At Kiron Open Higher Education, refugees need no more than a smartphone and internet access to get a university education. For the last two years, the Kiron team has been building a pool of online courses in cooperation with universities worldwide. Today, they have 2,700 enrolled students. Vincent Zimmer, the 27-year-old co-founder of Kiron, talks about technology and his vision.
When did you first hear the word “refugee”?
Vincent Zimmer: I first heard it from my grandfather when I was around seven or eight years old. He was a refugee from the Czech Republic. I grew up with my grandparents. They taught me the importance of working hard, being humble, and achieving progress. It also made me understand that investing in one’s own education is fundamental. It is the only thing in life that cannot be taken away from you.
Kiron Open Higher Education
The goal of Kiron is to provide refugees worldwide with access to higher education and the opportunity to graduate with an accredited bachelor’s degree. For up to two years, the students take online courses in the following study tracks: Business & Economics, Computer Science, Mechanical Engineering, Political Science, and Social Work. After that, they can apply at a university and continue their studies in order to get a diploma.
So you made the business case for Kiron pretty early.
Vincent Zimmer: Kind of. I actually began to work on Kiron’s model at the end of my Masters studies in London, before the refugee crisis started affecting Europe directly. At the time, I already had some experience working for an NGO that was supporting refugees. During my stint at this NGO, I met a refugee in Istanbul who did his best to educate himself by using university courses that were available online and by reading everything he could get his hands on at the local library. This was when the concept of Kiron was born.
The business model of Kiron is based on digital technology. Can online courses make up for the real-life experience in a classroom?
Vincent Zimmer: Kiron is definitely tech-driven. But our main mission is not educating the five million refugees who currently need education. It is about giving them inspiration and a tool for their own empowerment. You do not need to be in a classroom for that.
I see us paving the way for education systems for everybody, not just for refugees.
Still, technology plays a major role.
Vincent Zimmer: Of course, innovations and technology make it easier and more affordable to deliver education to more people. Generally, online courses have a high drop-out rate. Our completion rates are much better. The reason may be that Kiron students are more motivated, because they see the bigger picture. We are also supporting our students through additional offline and online services such as a mentoring program that helps them not to feel alone in their efforts.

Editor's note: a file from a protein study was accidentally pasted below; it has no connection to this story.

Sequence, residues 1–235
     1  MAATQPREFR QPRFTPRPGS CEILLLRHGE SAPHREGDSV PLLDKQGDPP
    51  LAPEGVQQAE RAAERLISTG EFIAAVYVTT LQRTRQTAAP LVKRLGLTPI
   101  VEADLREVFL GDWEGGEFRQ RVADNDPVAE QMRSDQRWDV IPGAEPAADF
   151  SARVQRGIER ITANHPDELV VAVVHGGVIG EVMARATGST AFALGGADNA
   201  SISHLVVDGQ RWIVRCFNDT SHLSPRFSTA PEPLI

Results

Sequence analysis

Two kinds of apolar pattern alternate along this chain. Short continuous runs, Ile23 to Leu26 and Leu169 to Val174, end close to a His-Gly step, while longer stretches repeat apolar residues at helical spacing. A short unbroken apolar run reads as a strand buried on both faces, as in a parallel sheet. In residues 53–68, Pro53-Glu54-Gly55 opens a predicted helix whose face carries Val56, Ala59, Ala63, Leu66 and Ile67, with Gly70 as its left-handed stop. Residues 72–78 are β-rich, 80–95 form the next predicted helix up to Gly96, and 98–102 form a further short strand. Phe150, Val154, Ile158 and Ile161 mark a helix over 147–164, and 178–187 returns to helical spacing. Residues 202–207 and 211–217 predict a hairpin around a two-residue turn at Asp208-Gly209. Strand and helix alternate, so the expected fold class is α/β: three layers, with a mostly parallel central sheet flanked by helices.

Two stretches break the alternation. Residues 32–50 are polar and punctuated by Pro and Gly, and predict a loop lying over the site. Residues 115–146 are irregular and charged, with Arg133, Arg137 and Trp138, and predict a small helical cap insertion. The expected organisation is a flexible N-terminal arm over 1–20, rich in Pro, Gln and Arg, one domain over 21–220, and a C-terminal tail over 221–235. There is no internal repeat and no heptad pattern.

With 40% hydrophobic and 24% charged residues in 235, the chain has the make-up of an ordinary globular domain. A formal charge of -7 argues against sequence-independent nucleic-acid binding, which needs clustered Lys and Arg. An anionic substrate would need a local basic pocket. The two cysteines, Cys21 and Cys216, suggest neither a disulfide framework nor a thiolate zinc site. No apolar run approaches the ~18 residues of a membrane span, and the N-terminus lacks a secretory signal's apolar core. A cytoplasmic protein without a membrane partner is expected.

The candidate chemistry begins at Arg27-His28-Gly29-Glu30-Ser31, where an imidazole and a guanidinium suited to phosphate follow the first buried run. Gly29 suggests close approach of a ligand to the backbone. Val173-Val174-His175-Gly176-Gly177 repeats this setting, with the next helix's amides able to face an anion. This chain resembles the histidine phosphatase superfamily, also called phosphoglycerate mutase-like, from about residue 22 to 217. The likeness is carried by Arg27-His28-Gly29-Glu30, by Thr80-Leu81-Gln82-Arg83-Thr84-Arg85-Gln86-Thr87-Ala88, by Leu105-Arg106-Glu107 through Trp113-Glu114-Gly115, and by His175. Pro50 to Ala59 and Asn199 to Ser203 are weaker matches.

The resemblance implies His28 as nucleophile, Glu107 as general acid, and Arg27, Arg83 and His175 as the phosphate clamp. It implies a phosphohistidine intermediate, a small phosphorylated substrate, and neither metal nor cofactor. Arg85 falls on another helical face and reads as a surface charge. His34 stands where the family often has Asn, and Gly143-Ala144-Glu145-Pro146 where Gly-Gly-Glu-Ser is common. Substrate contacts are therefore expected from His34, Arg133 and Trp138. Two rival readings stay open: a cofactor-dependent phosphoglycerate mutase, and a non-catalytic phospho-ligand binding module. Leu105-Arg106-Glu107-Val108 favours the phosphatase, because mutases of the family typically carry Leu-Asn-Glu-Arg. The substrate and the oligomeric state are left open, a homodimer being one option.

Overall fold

How do you make sure to constantly refine your education concept?
Vincent Zimmer: Most importantly, we listen to our students. They are the real experts and have great ideas on improving our work! Based on our students’ input, we, for example, made sure to focus more on preparatory courses that help students with language challenges and general skills like academic writing. In addition, collaboration and strong partnerships are key for our continuous improvement. We have implemented quite some research and development measures together with partner universities and ask them to challenges our work with their expertise as often as possible. Internally we have strong quality assurance and evaluation processes that make sure we incrementally further develop our educational approaches based on evidence and data.
How do you envision the future of Kiron?
Vincent Zimmer: I see us paving the way for education systems for everybody, not just for refugees. If we can make it happen for displaced people around the world, it can happen for anyone.
In 2016, Forbes magazine presented Vincent Zimmer as one of 30 under 30 who are championing Europeans' rights and their political movements. He became part of the BMW Foundation Responsible Leaders Network in 2015 at the Berlin Global Forum.
You are thinking about expanding?
Vincent Zimmer: Yes, in different directions. With our experience, we can bring about changes in the higher education system in Germany and Europe as a whole by introducing digitization and raising awareness. Second, we try to create new education systems worldwide as we are already doing in Jordan and France. There, we have partnerships with universities on the ground and a lot of knowledge transfer. So, we will definitely keep a focus on refugees and internally displaced people.
What is your advice for a young social entrepreneur trying to make an impact?
Vincent Zimmer: Whether a project flies or not has little to do with an individual idea, but everything with the right timing. And this is the hardest thing to predict. People shouldn’t be afraid of failure; they should keep their ears and eyes open. This helps to see and grasp an opportunity to achieve something great.
Vincent and his team have come a long way in the last few years. Support them by sharing their story!